So let's try one more thing. You need to pay Steve $912. You were asking $1040 for the statue. What's the percent off you could offer to get you $912?

To find the percent change, use this formula:

Our new value is $912. Our old value is $1040. 912 - 1040 = -128. We divide that by the absolute value of 1040. -128/1040 = -0.12. Finally, we multiply that by 100%: -0.12 * 100% = -12%. The negative sign means the new value is 12% less than the old value.

It's not as impressive sounding as 25% off, but it'll help you pay off Steve.

In summary, we learned about simple interest and percent change. **Simple interest** is how you calculate how much interest a sum of money will accumulate. The formula is ** I = prt**, or interest = (principal)(rate)(time). We also looked at

To unlock this lesson you must be a Study.com Member.

Create your account

Are you a student or a teacher?

Already a member? Log In

BackDid you know… We have over 160 college courses that prepare you to earn credit by exam that is accepted by over 1,500 colleges and universities. You can test out of the first two years of college and save thousands off your degree. Anyone can earn credit-by-exam regardless of age or education level.

To learn more, visit our Earning Credit Page

Not sure what college you want to attend yet? Study.com has thousands of articles about every imaginable degree, area of study and career path that can help you find the school that's right for you.

You are viewing lesson
Lesson
3 in chapter 5 of the course:

Back To Course

GED Math: Quantitative, Arithmetic & Algebraic Problem Solving10 chapters | 73 lessons | 7 flashcard sets

- GRE Information Guide
- Computer Science 310: Current Trends in Computer Science & IT
- Earth Science 105: Introduction to Oceanography
- Computer Science 331: Cybersecurity Risk Analysis Management
- Computer Science 336: Network Forensics
- World Literature: Drama Since the 20th Century
- Visual Art Since the 18th Century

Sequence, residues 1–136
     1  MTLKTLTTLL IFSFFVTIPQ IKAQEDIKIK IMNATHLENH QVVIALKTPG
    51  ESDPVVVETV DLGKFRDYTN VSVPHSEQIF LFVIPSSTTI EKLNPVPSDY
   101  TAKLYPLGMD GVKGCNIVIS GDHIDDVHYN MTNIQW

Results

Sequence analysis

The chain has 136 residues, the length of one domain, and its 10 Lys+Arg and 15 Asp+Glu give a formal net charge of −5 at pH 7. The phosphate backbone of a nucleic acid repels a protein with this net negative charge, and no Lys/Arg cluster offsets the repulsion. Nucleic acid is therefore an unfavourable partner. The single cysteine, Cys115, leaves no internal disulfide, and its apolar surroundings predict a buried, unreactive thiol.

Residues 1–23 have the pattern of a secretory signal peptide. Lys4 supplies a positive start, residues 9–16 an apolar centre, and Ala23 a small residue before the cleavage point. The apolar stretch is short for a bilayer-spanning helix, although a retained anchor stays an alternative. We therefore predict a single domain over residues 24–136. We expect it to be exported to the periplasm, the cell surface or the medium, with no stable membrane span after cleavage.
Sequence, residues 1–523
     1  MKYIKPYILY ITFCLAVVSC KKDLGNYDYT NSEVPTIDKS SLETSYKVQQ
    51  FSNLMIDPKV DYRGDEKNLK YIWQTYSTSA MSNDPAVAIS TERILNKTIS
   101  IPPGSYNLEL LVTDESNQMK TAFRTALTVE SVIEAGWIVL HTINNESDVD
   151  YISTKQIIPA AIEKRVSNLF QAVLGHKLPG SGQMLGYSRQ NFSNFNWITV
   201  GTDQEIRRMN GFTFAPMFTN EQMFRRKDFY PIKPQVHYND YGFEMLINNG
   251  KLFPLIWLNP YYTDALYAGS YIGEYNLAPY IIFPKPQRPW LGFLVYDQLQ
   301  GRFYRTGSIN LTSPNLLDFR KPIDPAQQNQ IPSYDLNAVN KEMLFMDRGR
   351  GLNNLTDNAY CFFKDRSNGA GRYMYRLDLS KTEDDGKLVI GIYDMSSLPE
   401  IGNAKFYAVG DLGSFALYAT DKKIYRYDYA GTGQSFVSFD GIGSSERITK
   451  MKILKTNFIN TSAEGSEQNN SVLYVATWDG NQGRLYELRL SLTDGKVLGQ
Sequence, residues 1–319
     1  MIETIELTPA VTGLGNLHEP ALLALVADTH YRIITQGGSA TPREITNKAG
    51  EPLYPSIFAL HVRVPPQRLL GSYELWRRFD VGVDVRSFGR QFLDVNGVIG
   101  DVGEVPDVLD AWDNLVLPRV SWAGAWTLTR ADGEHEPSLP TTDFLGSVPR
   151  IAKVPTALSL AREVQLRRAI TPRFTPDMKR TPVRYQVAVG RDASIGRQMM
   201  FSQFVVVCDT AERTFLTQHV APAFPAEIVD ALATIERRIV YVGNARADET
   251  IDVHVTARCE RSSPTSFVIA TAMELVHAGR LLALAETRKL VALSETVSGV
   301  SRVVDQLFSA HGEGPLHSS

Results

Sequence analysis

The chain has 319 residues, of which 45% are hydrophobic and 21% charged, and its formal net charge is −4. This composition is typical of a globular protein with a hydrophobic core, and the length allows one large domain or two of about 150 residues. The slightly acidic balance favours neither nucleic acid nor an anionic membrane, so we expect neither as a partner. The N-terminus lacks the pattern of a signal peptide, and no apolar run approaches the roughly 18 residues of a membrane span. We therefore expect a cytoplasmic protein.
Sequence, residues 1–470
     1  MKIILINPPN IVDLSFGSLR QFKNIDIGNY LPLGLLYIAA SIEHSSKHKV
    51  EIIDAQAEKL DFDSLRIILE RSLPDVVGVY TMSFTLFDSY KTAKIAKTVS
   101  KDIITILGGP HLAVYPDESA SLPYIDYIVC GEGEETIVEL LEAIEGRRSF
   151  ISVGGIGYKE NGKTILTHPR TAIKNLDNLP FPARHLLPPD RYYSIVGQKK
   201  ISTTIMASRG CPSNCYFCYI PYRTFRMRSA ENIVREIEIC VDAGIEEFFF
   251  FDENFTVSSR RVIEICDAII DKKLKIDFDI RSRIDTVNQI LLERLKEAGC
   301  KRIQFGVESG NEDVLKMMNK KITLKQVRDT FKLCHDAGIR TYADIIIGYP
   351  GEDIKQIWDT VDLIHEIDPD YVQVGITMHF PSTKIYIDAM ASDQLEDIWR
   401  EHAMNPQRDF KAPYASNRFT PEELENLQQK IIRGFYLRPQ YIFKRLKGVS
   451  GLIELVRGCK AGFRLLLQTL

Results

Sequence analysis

- World Literature: Drama Through the 19th Century
- Defamation, Libel & Slander
- Elements of Music Overview
- ILTS Prep Product Comparison
- CTEL Prep Product Comparison
- TASC Prep Product Comparison
- FSA Prep Product Comparison
- SHSAT Prep Product Comparison
- MEGA Test Accomodations
- Study.com Grant for Teachers

- Materials & Resources for an Early Childhood Classroom
- Obstructive Shock: Causes, Symptoms & Treatment
- Interpreting & Calculating Seasonal Indices
- Managing Classroom Behaviors of Young Children
- Taekwondo Lesson Plan
- Normalization & Invisibility of Privilege in the Workplace
- Practical Application: Reducing Job Stress Using Time Management
- Solving Equations Using the Least Common Multiple
- Quiz & Worksheet - Real-World Applications of Learning
- Quiz & Worksheet - Dante's Inferno 4th Level of Hell
- Quiz & Worksheet - Coaching Agreements
- Quiz & Worksheet - Third-Person Pronouns
- Quiz & Worksheet - Code of Ethics for Teaching
- Flashcards - Measurement & Experimental Design
- Flashcards - Stars & Celestial Bodies

- Special Education Assessment in the Classroom
- Praxis Marketing Education (5561): Practice & Study Guide
- LSAT Test: Online Prep & Review
- How to Choose a Career: Guidance Counseling
- TOEIC Speaking & Writing: Test Prep & Practice
- Second Derivatives
- OAE - Integrated Science: Human Body Systems
- Quiz & Worksheet - Normal Fault
- Quiz & Worksheet - Globalization & Politics
- Quiz & Worksheet - The U.S. Criminal Justice Process
- Quiz & Worksheet - Features of Transform Boundaries
- Quiz & Worksheet - History of Policing in America & Its Impact

- What is Fog? - Definition, Types & Causes
- What is a Chattel Mortgage? - Definition & Example
- What Are the SAT Test Registration Deadlines?
- 5th Grade Writing Prompts
- Average PSAT Score for Sophomores
- How Long Should I Study for the MCAT?
- What is the NYS Regents Scholarship?
- How to Get Tuition Reimbursement
- What Is the Common Core Standards Initiative?
- What Are Common Core Standards?
- Study.com Demo for Enterprise
- How to Pass an AP Class

- Tech and Engineering - Videos
- Tech and Engineering - Quizzes
- Tech and Engineering - Questions & Answers

Browse by subject